University of Cambridge
My research concerns how our memory works. I use techniques that allow us to look at brain activity as our volunteers try to remember things in the laboratory. At most times, I instruct them to form links between several pieces of information, such as pictures of two different objects (e.g., an apple and a bus). Then, after a while, I ask them to bring these links back to mind, and see if and how they remember them.
There are several ways by which such links can be formed. The formation of these links can rely on previous knowledge we have. If, for example, I eat an apple whenever I take the bus to work, I can use this information to help me form the link between an image of an apple and that of a bus. I can also use my imagination to create a joint representation of the two items, such as an apple-shaped bus. Alternatively, I can link these images by thinking of them as two separate components of one episode, for example, driving a bus to get to an apple orchard.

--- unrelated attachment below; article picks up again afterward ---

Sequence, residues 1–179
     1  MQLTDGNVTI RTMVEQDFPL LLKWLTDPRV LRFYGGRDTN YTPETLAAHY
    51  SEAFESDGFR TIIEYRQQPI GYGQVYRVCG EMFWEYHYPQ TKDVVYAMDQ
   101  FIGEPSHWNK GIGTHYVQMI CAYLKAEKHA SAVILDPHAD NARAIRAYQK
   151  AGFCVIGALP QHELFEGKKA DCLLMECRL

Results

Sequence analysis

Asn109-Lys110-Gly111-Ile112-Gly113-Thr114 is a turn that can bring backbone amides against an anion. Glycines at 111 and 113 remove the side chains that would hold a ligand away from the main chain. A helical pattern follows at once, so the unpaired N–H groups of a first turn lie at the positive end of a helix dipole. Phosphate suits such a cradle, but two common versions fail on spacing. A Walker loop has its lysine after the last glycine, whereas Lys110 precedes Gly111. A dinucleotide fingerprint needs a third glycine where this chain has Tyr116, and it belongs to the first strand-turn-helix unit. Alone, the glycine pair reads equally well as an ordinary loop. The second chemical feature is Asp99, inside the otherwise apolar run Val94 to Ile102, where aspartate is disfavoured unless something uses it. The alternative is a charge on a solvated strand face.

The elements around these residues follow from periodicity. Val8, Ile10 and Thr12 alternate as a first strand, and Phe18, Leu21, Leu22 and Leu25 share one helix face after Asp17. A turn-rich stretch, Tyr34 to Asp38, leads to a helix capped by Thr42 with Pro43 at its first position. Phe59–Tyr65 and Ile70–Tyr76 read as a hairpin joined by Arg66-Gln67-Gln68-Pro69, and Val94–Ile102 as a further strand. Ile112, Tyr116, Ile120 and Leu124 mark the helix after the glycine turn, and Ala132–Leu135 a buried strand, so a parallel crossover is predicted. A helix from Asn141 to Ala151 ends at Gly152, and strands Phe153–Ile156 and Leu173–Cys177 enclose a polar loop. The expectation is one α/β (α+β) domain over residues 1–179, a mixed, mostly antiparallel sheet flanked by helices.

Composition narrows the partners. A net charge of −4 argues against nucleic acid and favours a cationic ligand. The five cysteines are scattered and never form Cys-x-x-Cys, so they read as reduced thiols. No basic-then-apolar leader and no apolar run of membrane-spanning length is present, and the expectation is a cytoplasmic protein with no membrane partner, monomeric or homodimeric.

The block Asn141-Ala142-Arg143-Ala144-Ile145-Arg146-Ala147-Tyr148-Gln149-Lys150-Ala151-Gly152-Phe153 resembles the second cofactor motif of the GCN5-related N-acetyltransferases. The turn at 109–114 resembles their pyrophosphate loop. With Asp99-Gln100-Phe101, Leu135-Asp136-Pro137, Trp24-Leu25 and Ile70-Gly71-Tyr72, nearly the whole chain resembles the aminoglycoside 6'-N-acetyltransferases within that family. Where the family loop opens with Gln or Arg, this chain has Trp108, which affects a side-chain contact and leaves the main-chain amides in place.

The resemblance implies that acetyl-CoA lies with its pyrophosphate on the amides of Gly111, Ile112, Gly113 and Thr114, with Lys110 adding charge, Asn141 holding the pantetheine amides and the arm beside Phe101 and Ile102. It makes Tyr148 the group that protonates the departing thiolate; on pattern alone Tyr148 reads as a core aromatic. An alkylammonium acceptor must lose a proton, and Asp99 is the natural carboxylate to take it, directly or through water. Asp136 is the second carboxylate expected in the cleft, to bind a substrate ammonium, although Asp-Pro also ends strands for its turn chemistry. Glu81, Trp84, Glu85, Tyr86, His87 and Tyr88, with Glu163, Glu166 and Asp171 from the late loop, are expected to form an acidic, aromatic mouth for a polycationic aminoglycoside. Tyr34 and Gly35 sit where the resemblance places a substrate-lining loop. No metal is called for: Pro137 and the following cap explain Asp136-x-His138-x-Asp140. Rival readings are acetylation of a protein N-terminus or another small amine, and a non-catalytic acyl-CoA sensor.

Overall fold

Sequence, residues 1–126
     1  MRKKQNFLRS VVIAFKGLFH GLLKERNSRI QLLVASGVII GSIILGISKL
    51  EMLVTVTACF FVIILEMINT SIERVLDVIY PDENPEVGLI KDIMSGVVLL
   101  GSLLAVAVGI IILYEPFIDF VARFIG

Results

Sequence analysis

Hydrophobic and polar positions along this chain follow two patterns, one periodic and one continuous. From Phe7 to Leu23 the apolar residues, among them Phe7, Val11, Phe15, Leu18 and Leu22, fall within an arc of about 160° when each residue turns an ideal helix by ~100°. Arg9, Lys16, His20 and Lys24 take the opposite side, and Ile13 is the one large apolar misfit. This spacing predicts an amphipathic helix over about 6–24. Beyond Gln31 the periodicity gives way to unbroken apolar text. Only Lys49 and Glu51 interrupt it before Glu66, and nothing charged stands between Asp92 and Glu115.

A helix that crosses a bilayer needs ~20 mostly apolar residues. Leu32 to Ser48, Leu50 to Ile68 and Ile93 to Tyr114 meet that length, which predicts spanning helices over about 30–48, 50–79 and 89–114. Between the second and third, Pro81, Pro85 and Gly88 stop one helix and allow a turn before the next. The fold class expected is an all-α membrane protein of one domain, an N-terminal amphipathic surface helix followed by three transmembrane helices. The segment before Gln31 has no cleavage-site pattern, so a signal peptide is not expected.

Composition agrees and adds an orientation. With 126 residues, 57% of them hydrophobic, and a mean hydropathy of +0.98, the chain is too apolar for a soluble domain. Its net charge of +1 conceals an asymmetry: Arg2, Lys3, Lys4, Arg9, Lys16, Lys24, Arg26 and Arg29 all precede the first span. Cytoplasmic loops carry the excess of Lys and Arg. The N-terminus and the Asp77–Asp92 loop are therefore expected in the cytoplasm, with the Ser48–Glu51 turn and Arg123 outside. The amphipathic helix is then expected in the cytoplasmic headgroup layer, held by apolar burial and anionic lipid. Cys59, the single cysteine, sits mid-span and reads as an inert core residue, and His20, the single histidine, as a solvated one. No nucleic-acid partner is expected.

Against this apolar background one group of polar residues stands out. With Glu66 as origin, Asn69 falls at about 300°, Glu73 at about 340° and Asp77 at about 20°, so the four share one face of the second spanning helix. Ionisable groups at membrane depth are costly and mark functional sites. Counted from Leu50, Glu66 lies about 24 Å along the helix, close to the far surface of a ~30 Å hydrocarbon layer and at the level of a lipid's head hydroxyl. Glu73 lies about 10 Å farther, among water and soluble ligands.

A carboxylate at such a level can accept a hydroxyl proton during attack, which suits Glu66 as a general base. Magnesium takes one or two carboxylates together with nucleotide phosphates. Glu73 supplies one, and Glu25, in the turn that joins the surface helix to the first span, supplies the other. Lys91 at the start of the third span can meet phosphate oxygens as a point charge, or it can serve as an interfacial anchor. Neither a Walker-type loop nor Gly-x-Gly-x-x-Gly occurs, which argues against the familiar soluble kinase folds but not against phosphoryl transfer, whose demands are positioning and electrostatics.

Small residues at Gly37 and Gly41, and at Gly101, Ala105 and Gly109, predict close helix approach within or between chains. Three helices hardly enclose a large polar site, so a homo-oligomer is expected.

In my experiments, I examine how the brain operates when information is linked using different ways. If, when using different ways to link information, the brain regions that are activated are different, or even if the same brain regions are being activated but the way they communicate with one another differs, we can conclude that different processes are being used. And indeed, we see that the way by which several pieces of information are linked, affects how our brain works when we try to remember these links.
A deeper knowledge of the memory processes that are involved in the formation and retrieval of such links is important for understanding how we can promote learning in educational settings. It can also enhance our understanding of memory impairments and rehabilitation following neurological damage, disease or even healthy ageing.
Interests and expertise (Subject groups)